And somehow, I hadn’t had enough hiking when I got back to Massachusetts, so I ventured out on Saturday to Douglas state forest. I supposed I might hike 4 miles, but that turned into about 7 when I got lost. Turns out there are many more paths than suggested by the map I found that someone had dropped on the trail. After stopping by the shores of Wallum lake…

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And finding a wild “Hen of the Woods” mushrooms that I later sauteed with some onions and garlic (it was actually wicked good)…

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And coming across some interesting structures and old foundations in the woods…

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For the first time I put the position of the sun to practical use in order to decide which trail to take, and good thing. I was heading south towards Connecticut, when I should have been heading west towards my car. So since I knew it was afternoon, I knew the sun would be more towards the west, I took an offshoot in that general direction.

This got me going in the right-ish direction, and sooner or later I happened upon the tri-state marker where Massachusetts, Connecticut, and Rhode Island meet! I thought this was pretty cool, and was thrilled that I had gotten lost, because 1) I didn’t know that marker was in the forest and to stumble upon it was kind of like finding treasure or Narnia (well maybe not quite that cool) and 2) even if I did know I might have considered the hike too far.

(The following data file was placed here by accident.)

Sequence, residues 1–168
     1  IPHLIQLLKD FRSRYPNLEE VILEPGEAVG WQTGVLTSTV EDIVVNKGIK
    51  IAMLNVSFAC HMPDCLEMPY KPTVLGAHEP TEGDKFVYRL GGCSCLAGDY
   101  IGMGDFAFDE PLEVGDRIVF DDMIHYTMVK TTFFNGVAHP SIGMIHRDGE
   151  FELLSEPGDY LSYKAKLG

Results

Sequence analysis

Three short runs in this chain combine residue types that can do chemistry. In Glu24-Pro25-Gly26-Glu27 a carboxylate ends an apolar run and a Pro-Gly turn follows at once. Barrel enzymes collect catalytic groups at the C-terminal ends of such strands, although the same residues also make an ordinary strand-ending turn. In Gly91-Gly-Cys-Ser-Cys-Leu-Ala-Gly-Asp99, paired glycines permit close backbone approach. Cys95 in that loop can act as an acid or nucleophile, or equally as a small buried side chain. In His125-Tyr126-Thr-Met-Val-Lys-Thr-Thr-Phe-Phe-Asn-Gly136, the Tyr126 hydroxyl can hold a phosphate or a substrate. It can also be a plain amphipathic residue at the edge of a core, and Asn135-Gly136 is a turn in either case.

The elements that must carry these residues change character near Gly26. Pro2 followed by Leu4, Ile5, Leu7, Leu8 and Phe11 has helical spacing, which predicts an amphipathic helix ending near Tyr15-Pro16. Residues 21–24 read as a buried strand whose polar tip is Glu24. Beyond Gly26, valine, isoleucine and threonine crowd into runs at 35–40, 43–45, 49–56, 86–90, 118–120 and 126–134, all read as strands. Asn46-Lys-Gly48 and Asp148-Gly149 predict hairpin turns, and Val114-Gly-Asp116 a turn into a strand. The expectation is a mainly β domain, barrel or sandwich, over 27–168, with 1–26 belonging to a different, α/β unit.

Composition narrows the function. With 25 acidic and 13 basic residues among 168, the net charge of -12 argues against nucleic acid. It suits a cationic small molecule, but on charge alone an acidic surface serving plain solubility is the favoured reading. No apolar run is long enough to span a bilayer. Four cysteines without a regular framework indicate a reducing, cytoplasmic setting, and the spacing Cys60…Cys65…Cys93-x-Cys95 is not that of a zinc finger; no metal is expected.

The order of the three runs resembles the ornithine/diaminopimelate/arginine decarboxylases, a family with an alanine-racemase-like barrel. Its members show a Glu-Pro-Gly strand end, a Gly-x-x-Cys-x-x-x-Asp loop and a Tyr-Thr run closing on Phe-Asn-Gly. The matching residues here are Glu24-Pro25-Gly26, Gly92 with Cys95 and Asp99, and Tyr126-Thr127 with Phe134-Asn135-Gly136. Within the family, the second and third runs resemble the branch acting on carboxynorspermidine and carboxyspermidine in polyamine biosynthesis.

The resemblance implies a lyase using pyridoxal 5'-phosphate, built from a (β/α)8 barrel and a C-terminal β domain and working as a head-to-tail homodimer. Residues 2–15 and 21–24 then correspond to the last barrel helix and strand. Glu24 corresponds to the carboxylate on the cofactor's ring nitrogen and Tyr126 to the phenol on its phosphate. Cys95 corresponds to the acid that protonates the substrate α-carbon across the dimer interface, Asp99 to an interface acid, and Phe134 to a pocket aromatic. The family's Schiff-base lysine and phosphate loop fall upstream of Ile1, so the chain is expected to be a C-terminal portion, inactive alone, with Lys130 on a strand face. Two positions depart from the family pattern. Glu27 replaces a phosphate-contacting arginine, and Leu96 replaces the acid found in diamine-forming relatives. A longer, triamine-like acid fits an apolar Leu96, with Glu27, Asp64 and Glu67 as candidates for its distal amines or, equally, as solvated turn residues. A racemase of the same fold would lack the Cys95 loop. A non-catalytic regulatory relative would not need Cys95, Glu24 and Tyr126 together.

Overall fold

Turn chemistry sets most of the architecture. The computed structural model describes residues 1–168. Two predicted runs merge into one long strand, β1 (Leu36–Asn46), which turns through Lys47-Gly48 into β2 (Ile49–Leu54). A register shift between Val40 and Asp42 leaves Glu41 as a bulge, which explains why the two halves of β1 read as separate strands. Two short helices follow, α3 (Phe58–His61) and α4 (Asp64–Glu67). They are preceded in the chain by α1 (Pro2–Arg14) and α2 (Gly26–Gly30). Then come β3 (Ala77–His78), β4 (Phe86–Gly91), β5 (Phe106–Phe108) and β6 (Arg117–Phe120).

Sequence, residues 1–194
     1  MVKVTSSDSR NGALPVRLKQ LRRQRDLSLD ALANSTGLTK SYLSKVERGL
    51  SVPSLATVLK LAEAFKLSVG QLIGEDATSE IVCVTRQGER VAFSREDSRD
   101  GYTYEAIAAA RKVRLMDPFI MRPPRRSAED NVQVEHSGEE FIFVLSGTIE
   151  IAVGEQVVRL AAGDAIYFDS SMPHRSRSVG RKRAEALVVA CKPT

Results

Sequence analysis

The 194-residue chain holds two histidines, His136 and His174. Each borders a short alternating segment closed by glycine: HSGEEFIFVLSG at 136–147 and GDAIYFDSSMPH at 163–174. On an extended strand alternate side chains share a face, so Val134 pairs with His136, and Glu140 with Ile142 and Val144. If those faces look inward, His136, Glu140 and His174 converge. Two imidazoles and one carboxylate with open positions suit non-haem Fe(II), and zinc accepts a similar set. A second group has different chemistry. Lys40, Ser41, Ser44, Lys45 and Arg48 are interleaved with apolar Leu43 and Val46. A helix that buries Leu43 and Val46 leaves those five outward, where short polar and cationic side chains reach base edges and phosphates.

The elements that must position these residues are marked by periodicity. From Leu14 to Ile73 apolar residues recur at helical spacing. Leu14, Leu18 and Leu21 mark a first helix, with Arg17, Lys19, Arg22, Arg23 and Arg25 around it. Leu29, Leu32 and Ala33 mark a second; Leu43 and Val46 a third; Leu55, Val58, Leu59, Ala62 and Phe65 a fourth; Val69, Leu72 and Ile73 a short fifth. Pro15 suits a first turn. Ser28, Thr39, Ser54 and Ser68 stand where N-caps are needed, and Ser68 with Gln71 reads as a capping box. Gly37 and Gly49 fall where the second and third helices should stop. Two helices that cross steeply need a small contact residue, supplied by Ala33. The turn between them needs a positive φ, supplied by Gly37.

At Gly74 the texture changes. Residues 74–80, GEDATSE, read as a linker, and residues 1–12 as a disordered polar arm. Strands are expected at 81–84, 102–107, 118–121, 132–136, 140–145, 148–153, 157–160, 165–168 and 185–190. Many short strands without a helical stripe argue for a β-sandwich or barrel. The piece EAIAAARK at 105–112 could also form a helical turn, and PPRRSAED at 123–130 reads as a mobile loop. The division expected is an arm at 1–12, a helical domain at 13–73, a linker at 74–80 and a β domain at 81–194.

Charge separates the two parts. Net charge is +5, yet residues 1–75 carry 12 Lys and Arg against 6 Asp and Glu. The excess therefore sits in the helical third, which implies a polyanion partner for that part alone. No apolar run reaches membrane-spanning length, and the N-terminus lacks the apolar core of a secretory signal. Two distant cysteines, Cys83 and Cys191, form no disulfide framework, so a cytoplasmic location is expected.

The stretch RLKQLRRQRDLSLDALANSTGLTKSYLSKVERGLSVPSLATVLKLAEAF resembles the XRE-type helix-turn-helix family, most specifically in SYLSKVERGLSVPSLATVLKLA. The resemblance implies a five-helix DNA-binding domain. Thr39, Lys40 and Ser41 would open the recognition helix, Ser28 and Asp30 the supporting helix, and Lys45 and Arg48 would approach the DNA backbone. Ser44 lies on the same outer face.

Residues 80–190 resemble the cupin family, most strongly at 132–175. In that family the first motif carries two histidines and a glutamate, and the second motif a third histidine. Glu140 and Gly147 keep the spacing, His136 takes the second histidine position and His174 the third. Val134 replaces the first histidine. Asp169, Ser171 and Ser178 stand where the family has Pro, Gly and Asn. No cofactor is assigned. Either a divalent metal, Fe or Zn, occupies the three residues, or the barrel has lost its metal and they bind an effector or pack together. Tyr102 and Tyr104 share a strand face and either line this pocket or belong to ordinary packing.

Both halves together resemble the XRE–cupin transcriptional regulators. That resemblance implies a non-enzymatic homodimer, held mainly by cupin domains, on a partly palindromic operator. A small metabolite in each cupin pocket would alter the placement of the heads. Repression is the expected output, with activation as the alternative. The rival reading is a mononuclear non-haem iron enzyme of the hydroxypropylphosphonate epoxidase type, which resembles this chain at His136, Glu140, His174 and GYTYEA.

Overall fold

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But in the end it was only another mile or two back to my car from the marker. So that’s where I have been for the better part of the last week; lots of hiking, nature, and good times.

Foraging for Wild Edible Plants: Milkweed

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This is common milkweed, and it is a wild edible! One thing I enjoy doing in my spare time, is finding wild edible foods to forage. I like nature anyway, so it is a good activity, its fun, and productive. And its free; why pay for fresh vegetables when there are plenty all around you! (I buy vegetables too, don’t feel bad).

Warning: I am not a foraging expert. I have a few foraging books and consult websites. Always be certain of identification. If I’m wrong and you get sick, you can try suing me, but there’s not that much to take! Some edible plants have poisonous parts, poisonous look a-likes, or must be treated before eating. This plant in particular is poisonous when raw, it must be cooked!

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Okay now that we got that out of the way, I can tell you about my first milkweed flower and bud cluster experience. First I found some milkweed in my parent’s backyard, and properly identified it. Milkweed stands on a stalk, and does not have any branches (a poisonous look alike has branches). Its leaves are opposite each other, and alternate a half turn as they go up the plant. Looking from the top, it appears as a plus sign. When broken, the plant excretes a white sticky “milky” sap, like this: